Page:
Hepatocellular carcinoma in patients coinfected with hepatitis B or C and HIV: more aggressive tumor behavior?

Eur J Gastroenterol Hepatol. 2021 Apr 1;33(4):583-588. doi: 10.1097/MEG.0000000000002057.


Introduction and objectives: Hepatocellular carcinoma (HCC) is the 6th cause of cancer and hepatitis C (HCV) and B (HBV) viruses are the most frequent risk factors for HCC. Patients coinfected with HCV or HBV and HIV present a faster progression to liver fibrosis and higher incidence of HCC. The aim of this study was to evaluate the survival and clinical outcomes of coinfected patients with HCC comparing with non-HIV patients.

Methods: We conducted a retrospective cohort study, including 267 HCC patients with HCV or HBV infection with or without HIV. The primary endpoint was overall survival. A Kaplan-Meier curve was presented to assess survival function. Clinical and radiologic variables, according to HIV status, were compared by logistic regression.

Results: Among 267 HCC patients, 25 (9.3%) were HIV-positive. In the coinfected group, patients were younger (49.8 vs 61.2 years, P < 0.001), cirrhosis was less predominant (88 vs 96.7%, P = 0.05), a smaller proportion received HCC treatment (60 vs 86.3%, P = 0.001) and the frequency of portal vein tumoral thrombosis was higher (32 vs 11.1%, P = 0.003). The overall mortality rate was higher in the HIV-positive group (92 vs 74.3%), independently of clinical and tumoral variables.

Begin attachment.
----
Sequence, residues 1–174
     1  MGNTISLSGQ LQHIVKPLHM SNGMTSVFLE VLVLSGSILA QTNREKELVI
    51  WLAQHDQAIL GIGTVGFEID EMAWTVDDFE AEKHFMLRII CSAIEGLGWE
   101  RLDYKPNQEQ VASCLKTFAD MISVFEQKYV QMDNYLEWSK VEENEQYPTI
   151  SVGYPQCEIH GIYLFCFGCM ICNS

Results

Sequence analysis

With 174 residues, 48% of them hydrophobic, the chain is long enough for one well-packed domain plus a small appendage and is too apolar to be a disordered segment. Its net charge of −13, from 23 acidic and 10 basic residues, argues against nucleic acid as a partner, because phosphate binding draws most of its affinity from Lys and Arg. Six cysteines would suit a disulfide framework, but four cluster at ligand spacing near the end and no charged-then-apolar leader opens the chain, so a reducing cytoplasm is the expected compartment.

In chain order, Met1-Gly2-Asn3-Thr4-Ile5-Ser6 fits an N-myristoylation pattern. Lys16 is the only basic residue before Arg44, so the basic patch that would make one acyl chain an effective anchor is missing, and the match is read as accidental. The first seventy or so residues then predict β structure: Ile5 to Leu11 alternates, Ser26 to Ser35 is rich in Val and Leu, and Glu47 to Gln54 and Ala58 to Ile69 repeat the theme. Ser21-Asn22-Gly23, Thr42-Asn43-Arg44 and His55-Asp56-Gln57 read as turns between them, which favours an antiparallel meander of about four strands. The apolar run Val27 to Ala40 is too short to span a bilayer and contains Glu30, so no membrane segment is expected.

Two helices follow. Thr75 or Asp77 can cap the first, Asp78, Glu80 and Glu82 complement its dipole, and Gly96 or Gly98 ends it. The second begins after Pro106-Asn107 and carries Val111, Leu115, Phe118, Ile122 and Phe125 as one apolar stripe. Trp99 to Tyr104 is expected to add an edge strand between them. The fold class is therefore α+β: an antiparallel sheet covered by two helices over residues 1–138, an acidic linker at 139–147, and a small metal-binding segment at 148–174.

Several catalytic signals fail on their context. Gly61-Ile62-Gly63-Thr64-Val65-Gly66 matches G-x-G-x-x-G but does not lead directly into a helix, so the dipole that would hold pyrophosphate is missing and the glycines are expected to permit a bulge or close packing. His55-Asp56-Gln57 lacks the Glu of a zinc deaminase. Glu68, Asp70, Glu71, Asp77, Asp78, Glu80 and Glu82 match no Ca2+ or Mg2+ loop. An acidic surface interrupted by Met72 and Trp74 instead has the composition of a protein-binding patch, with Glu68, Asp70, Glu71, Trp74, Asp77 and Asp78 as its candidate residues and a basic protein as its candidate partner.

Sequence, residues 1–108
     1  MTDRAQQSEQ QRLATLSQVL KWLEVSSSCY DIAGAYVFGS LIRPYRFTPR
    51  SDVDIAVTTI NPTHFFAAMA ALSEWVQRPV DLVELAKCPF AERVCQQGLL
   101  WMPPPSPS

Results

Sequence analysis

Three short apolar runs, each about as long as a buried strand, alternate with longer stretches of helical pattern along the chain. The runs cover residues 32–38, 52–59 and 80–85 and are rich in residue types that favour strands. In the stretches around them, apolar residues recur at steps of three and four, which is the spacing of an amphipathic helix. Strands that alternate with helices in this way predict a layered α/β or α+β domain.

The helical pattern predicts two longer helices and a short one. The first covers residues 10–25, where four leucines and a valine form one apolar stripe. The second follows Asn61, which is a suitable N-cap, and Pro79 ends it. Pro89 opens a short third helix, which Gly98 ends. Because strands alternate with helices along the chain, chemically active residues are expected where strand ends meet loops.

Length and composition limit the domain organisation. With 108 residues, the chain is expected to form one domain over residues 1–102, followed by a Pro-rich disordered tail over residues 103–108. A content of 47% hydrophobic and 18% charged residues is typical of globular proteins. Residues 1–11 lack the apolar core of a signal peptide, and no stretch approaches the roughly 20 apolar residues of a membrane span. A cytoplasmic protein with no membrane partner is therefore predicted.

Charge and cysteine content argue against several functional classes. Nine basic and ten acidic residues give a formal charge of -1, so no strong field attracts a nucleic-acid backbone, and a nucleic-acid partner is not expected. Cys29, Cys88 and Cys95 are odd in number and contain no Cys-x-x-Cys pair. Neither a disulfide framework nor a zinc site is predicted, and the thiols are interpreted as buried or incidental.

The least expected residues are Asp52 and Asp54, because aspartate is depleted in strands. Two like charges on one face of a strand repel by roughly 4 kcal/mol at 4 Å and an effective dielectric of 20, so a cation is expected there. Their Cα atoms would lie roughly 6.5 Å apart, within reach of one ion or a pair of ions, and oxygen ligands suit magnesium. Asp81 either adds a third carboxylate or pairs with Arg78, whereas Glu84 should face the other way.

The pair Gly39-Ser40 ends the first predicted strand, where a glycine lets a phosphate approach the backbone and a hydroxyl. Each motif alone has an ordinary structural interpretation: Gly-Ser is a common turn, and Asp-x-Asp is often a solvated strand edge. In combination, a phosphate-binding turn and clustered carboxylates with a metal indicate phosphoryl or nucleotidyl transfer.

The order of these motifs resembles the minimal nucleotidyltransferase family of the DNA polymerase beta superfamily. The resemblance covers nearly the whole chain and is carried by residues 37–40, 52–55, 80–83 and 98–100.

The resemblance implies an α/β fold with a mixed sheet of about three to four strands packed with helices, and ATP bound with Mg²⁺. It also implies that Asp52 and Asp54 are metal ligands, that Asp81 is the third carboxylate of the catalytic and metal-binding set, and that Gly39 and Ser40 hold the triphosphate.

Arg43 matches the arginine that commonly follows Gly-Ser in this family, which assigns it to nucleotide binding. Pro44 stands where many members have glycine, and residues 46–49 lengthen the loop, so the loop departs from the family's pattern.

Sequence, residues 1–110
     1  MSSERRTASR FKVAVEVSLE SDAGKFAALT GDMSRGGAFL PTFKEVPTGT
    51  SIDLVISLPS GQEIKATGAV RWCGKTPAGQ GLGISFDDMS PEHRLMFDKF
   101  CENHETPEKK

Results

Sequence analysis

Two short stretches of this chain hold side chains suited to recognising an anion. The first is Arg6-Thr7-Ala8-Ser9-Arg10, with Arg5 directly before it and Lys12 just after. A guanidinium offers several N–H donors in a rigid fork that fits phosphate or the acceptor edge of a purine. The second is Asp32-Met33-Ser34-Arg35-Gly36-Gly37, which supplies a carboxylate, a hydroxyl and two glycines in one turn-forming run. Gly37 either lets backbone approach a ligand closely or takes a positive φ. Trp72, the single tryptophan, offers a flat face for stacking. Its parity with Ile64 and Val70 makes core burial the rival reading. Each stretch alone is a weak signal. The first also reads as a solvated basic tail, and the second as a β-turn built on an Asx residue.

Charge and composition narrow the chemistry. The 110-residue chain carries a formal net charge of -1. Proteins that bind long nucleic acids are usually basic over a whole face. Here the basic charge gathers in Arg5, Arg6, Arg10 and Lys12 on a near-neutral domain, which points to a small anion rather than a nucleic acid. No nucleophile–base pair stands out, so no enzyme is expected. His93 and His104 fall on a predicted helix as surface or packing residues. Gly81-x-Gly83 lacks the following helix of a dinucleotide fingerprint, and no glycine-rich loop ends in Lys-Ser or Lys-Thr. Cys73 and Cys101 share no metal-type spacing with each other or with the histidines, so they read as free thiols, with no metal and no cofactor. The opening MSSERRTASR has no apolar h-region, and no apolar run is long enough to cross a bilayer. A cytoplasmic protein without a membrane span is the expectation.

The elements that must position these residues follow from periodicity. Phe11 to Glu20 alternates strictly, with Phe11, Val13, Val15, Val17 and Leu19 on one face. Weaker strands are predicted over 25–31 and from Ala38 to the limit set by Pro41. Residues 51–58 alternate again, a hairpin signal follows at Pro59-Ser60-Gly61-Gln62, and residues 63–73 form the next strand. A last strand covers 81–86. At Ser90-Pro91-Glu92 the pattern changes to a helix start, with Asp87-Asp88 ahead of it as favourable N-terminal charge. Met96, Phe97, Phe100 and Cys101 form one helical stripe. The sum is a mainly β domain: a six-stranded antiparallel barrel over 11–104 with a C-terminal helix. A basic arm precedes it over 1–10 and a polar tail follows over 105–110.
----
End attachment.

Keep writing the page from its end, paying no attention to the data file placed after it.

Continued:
Conclusion: Coinfected patients with HCC presented higher mortality, tumor diagnosis in a younger age, less underlying cirrhosis and a higher frequency of tumoral thrombosis. Further studies are warranted to better understand the role of HIV in hepatocarcinogenesis, in order to improve the management of those patients, particularly regarding screening programs.

MeSH terms

  • Carcinoma, Hepatocellular* / diagnosis
  • Carcinoma, Hepatocellular* / epidemiology
  • Carcinoma, Hepatocellular* / therapy
  • Coinfection* / epidemiology
  • HIV Infections* / complications
  • HIV Infections* / epidemiology
  • Hepatitis B* / complications
  • Hepatitis B* / diagnosis
  • Hepatitis B* / epidemiology
  • Hepatitis C* / complications
  • Hepatitis C* / diagnosis
  • Hepatitis C* / epidemiology
  • Humans
  • Liver Cirrhosis / diagnosis
  • Liver Cirrhosis / epidemiology
  • Liver Neoplasms* / diagnosis
  • Liver Neoplasms* / epidemiology
  • Liver Neoplasms* / therapy
  • Retrospective Studies